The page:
Fighting rages in Ukraine town; 2 children among 13 dead

This is an archived article and the information in the article may be outdated. Please look at the time stamp on the story to see when it was last updated.

DONETSK, Ukraine — More death and violence were reported in eastern Ukraine on Sunday, as some investigators stood ready but were unable to go to the crash site of Malaysia Airlines Flight 17, downed more than a week ago.

At least 13 people, including two children, were killed in fighting on Sunday between pro-Russian rebels and Ukraine government forces in and near the Ukrainian city of Horlivka, according to the Donetsk Regional Authority, citing preliminary information from the local health care department.

Ukraine separatists are using Grad rockets on residential areas of Horlivka, according to Ukraine’s Counter-Terrorist Operations Press Center in a statement.

Ukraine’s military does not use artillery fire inside city centers to avoid civilian casualties, the statement said. Horlivka is surrounded by government forces.

Pro-Russian militant commander OE Khasanov responded to CNN’s Nick Paton Walsh’s questions about the attacks in Horlivka by saying that the separatists are defending the city.

At least 332 Ukrainian soldiers have been killed and nearly 1,300 have been injured since the start of the conflict, according to Ukraine’s National Defense and Security Council.

There is no known figure for the number of separatists killed.

Crash site remains ‘still under control of terrorists’

Sunday’s bloodshed comes more than a week after the Malaysia Airlines Flight went down July 17 in eastern Ukraine. All 298 on board were killed.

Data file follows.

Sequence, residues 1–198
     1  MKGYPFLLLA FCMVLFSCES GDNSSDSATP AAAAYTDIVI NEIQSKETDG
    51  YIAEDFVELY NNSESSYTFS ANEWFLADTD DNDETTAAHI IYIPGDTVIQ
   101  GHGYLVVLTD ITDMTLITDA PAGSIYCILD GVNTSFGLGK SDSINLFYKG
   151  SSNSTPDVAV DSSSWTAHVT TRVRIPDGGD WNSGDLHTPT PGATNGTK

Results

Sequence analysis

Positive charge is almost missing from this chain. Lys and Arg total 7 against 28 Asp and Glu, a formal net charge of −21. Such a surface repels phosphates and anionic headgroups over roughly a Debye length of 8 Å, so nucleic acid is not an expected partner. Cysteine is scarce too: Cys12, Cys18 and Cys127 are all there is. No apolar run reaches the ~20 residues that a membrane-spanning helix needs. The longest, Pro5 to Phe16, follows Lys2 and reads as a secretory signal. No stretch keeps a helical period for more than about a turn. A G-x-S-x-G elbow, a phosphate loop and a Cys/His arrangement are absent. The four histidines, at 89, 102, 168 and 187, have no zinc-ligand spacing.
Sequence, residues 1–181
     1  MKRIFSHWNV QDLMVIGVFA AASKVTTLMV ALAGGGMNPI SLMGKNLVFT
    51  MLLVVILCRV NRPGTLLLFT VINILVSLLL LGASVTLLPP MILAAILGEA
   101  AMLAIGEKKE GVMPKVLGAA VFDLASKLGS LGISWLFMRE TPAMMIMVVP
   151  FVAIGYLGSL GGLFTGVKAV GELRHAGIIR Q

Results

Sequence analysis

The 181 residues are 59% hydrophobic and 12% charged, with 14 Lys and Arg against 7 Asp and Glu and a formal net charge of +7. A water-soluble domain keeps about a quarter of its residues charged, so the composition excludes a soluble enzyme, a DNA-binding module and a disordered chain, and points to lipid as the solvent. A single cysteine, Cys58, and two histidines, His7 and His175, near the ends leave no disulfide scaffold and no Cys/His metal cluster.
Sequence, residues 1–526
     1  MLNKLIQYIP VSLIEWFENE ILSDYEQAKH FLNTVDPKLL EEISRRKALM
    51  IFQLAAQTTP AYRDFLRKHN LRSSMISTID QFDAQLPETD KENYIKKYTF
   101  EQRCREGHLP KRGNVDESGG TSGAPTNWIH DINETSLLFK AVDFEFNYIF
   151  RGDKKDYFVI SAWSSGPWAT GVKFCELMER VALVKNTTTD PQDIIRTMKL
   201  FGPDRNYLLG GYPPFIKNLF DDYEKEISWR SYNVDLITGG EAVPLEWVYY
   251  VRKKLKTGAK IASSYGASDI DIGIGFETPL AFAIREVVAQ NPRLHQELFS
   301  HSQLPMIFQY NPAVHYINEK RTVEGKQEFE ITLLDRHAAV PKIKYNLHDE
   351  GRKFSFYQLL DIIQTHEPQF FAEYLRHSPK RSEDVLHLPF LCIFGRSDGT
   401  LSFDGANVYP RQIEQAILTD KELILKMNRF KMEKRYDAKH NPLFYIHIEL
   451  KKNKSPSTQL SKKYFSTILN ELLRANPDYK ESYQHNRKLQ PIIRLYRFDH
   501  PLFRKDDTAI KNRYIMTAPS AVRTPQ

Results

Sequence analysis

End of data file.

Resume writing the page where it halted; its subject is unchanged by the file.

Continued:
Though some investigators from the Organization for Security and Co-operation in Europe have been at the scene, Malaysian investigators haven’t been able to access the entire crash site, officials said Sunday.

Malaysia has struck an agreement with pro-Russian separatists in the area to allow international police to protect investigators, Malaysian Prime Minister Najib Razak said Sunday, through a statement from his office. But he said he is “deeply concerned” those investigators still are not on scene due to the “volatile security situation.”

He implored that “the human remains are removed from the site, identified and repatriated.

“Everyone who was on board MH17 must be afforded proper dignity and respect,” he said. Forty-three passengers on MH17 were Malaysian, including two infants and 15 crew members.

The crash site remains Sunday “still under control of terrorists,” Andriy Lysenko, the spokesman for Ukraine’s National Security and Defense Council told reporters.

Dutch investigators — among them a team of 30 forensic experts — are remaining for the moment in the city of Donetsk, which is about 75 kilometers (50 miles) from Hrabove. Some 40 Dutch police officers are also positioned in Donetsk for now.

About two-thirds of the people who died in the plane crash, 193 of the 298, were from the Netherlands.

Russian team ready to join probe

Russia announced it had formed a team to join the investigation, state-run news agency RIA Novosti reported. It will be led by the deputy head of the Federal Air Transport Agency, Oleg Storchevoy.

Russia has continued to increase its military presence near its border with Ukraine, the National Defense and Security Council press office said earlier Sunday. It said two convoys were spotted moving toward a Russian town near southeastern Ukraine.

Ukrainian forces are trying to encircle militants in Horlivka and cut off their communication with Donetsk, the press office said, hours before news emerged Sunday of victims killed in fighting.

The U.S. State Department is putting out photographic evidence to back up U.S. claims that Russian forces have fired across the border at Ukrainian military forces, and that Russia-backed separatists have used heavy artillery provided by Russia in attacks on Ukrainian forces from inside Ukraine.

Notice: you are using an outdated browser. Microsoft does not recommend using IE as your default browser. Some features on this website, like video and images, might not work properly. For the best experience, please upgrade your browser.